Lastly:  the symbols of racism exist everywhere, but mostly are manifested in the proliferation of reminders of the Civil War in the South.  Every single such reminder, mostly statues of Civil War soldiers or the Confederate flag, are symbols of the struggle to preserve the institutions of racism.  Not only are all those people, and that flag, emblems of traitor hood to the U.S. itself, they are a constant symbol of what that struggle was about: the continuation of slavery.  The current population of the South might wish this were not the case, and they might prefer that the trope of “states rights” was the real issue being fought over, but the reality is that it was slavery their ancestors wanted to defend.  It is hateful ti maintain any illusion otherwise.  These symbols must all go if there is to be any hope of a non-racist future.

I am, sure that others could compile a better of more comprehensive list than this, but tases are the most salient things that come to my mind this morning.

As you all know I am a democrat [with a small”d”] through and through.  It is painful to realize the reality that America is not truly democratic, and that what attachment it has to democracy is under such threat.  To me the fight to end racism is a fight to strengthen democracy.  Americans obsess over their “freedoms”, they tell themselves that they are “exceptional”, and that they live in the land of the free [not realizing that this is an insult to the rest of the free world], but they are not free in any significant way until they face and come to terms with the past.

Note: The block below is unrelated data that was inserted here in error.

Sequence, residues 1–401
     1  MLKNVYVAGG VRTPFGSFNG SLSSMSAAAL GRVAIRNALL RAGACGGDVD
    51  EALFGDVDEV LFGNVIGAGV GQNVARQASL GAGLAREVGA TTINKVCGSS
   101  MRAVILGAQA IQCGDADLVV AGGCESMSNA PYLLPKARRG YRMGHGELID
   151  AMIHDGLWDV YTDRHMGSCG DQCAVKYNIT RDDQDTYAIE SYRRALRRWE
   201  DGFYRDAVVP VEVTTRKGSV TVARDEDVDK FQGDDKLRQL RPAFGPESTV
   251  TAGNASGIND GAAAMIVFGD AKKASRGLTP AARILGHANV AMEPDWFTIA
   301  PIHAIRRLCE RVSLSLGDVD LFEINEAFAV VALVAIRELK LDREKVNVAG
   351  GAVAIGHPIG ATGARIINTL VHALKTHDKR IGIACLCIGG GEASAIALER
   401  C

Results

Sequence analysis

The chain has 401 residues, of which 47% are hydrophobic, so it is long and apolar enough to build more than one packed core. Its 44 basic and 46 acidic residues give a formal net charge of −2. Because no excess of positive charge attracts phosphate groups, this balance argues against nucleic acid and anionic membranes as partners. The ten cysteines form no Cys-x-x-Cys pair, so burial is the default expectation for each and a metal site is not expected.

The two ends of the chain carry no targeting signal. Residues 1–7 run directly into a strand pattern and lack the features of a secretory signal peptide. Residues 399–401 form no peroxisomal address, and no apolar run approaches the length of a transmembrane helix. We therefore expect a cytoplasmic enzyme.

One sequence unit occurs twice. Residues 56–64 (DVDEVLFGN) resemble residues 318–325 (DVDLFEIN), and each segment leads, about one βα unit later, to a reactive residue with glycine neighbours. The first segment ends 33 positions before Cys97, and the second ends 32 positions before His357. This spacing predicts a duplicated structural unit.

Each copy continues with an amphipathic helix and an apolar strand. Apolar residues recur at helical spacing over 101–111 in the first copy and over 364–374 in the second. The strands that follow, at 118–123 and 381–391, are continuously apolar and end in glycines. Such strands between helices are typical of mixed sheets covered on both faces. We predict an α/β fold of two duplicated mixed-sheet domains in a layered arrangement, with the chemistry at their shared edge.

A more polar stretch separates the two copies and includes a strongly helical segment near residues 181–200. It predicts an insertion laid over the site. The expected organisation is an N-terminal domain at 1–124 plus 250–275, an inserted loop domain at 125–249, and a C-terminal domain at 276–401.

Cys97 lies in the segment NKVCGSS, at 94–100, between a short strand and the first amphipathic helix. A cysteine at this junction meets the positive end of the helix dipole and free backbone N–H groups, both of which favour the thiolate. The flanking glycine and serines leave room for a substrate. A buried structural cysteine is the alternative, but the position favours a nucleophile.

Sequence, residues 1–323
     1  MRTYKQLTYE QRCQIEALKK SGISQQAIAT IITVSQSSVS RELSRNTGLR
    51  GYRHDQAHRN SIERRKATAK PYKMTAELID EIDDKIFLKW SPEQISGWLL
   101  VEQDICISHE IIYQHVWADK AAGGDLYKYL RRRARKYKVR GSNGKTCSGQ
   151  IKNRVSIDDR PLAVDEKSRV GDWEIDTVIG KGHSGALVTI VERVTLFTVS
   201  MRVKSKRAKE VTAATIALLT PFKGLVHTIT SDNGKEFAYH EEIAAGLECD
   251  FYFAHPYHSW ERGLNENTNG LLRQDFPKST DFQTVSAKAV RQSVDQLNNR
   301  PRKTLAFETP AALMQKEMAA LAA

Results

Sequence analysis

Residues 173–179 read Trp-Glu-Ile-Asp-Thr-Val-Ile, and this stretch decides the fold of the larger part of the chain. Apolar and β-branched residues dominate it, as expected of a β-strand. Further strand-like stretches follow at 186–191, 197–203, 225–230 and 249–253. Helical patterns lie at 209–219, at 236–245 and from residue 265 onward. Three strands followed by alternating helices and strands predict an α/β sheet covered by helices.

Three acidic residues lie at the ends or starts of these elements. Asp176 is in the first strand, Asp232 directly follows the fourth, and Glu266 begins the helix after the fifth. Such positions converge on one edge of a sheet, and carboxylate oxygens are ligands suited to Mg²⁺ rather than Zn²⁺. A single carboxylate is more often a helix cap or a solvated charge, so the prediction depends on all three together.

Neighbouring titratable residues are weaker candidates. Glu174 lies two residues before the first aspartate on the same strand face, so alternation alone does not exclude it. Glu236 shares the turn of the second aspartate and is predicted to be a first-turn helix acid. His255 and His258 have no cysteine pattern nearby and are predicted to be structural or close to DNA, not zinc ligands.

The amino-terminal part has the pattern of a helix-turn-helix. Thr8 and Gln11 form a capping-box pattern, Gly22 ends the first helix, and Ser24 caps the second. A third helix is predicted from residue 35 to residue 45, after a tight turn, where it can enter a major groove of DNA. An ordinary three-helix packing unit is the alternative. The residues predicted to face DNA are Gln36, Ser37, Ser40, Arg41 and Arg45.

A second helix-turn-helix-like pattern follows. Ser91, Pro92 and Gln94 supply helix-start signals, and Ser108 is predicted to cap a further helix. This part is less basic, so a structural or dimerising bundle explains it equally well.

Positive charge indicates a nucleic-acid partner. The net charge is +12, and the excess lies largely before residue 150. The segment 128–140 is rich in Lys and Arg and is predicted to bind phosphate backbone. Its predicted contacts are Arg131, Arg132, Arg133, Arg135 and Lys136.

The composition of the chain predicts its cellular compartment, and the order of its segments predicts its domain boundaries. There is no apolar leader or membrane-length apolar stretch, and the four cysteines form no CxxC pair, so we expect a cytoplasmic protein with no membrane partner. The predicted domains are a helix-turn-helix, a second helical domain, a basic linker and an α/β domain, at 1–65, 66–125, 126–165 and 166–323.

Don’t brush history under the rug.  Deal with it.   Learn from it.

Peter Radford
Peter Radford is publisher of The Radford Free Press, worked as an analyst for banks over fifteen years and has degrees from the London School of Economics and Harvard Business School.